Giving as Opportunity, not Obligation

As senior program officer of the Maclellan Foundation, Daryl Heald ’87 helps distribute about $20 million each year to ministries worldwide involved in evangelism, church planting, pastoral training and Bible study.

The foundation receives more requests for funding than it can fill, and Daryl, who visits ministries around the globe, sees the tremendous needs that exist. Convinced that evangelicals could do much more to support Christian programs, the Maclellan Foundation has launched a new organization called Generous Giving. Daryl serves as president.

A privately funded, non-profit educational ministry, Generous Giving challenges Christians to be generous for the kingdom. A Web site,, offers an impressive variety of resources for givers, ministry leaders, and professional advisers.  Not only does the site provide a rationale for Christian giving and a research library of articles, but it features a wide variety of practical tools that encourage generosity, including books, tapes, videos, Bible verses, quotes and testimonials. The focus is joyful giving grounded in grace, not a sense of obligation.

“The church is poised for explosive growth around the world and there is still extraordinary wealth in evangelical hands,” Daryl says. “But too many believers lack the theological base to understand the importance of giving. This has created a culture of tipping rather than of giving. I believe that God has empowered people with wealth to be commensurate with the opportunities that exist today. I’d like to see hearts and minds transformed for revolutionary generosity.”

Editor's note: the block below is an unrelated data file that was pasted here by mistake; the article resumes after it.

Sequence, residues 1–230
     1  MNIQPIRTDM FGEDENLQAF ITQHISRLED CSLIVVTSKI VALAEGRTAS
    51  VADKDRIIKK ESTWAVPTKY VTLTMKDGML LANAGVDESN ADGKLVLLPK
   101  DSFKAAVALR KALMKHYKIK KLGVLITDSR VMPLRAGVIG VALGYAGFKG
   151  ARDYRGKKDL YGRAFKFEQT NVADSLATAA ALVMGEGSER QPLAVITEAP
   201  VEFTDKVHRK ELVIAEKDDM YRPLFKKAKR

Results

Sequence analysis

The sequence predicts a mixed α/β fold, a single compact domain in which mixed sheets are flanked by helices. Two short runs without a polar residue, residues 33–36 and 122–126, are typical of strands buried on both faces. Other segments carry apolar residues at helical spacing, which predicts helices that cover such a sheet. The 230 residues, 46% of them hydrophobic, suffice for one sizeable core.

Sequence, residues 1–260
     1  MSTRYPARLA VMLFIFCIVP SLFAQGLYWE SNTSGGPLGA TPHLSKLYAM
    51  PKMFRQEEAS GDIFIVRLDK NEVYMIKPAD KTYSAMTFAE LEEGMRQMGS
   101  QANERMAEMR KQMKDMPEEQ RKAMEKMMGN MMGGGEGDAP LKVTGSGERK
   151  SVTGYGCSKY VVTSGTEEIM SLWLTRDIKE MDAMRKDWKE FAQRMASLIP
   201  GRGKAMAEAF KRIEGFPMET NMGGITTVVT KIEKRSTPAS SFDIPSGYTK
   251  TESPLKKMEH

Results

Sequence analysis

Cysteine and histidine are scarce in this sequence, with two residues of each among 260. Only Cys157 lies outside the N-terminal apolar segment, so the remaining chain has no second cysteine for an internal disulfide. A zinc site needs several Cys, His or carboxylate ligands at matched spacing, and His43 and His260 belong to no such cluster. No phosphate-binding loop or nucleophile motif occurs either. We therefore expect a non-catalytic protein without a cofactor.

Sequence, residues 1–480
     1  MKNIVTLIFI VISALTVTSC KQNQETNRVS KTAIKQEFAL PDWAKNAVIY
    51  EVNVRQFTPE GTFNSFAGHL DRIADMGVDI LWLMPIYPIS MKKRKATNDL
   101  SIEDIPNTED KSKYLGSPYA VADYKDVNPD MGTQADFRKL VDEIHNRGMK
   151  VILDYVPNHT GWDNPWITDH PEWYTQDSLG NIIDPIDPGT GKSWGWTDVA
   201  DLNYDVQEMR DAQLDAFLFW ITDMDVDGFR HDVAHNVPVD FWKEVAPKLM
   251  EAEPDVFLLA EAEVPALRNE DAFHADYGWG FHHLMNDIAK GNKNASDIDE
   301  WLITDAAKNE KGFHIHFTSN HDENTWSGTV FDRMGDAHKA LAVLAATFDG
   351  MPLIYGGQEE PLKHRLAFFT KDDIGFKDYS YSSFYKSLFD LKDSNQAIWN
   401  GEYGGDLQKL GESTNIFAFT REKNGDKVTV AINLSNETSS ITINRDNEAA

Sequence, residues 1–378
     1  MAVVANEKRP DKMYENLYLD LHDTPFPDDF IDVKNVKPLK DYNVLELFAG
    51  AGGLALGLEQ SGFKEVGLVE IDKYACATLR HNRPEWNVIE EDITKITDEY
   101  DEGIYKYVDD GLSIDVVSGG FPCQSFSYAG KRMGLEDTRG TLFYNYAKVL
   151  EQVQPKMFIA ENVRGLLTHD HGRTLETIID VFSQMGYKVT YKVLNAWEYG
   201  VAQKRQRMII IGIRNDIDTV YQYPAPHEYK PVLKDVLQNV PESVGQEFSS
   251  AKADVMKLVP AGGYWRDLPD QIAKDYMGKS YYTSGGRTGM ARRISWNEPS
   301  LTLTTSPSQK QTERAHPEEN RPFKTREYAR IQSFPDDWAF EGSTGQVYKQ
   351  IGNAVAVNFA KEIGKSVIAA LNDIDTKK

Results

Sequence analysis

Daryl encourages ministries to develop a theology of  development. At the same time, he hopes donors will study the biblical basis for giving.

“We understand that giving is part of maturing in Christ,” he notes. “One of the forgotten characteristics of God is giving; God so loved the world that he gave . . .  In the church we have relegated the gift/ask to a necessary evil. Why should you give? What does God ask you to give? Most people never ask this question. We know we should give, but our reasons for giving are  based on an understanding of law, which is very dangerous. At Generous Giving we understand the transformational nature of giving and seek to bring a proper balance of the grace side of giving.

“Too often Christians operate with a scarcity mentality,” he adds. “But there is a lot of wealth out there, and God owns it all. Being generous doesn’t mean giving to everyone who asks — it means asking what God wants us to support and then obeying.”

After majoring in economics and business at Westmont, Daryl worked in commercial real estate and management consulting for 10 years in Atlanta, Ga. He then moved to Lookout Mountain, Ga., to work with the Maclellan Foundation, based in Chattanooga, Tenn. He and his wife, Catherine, have five children, ages 2 to 12. Daryl takes the oldest ones on some of his international trips to orphanages, refugee camps and ministries. As a Westmont student, he participated in Potter’s Clay, an outreach program in Mexico, and he wants his children to have that kind of experience. At home, family activities include horseback riding, fishing and golf.

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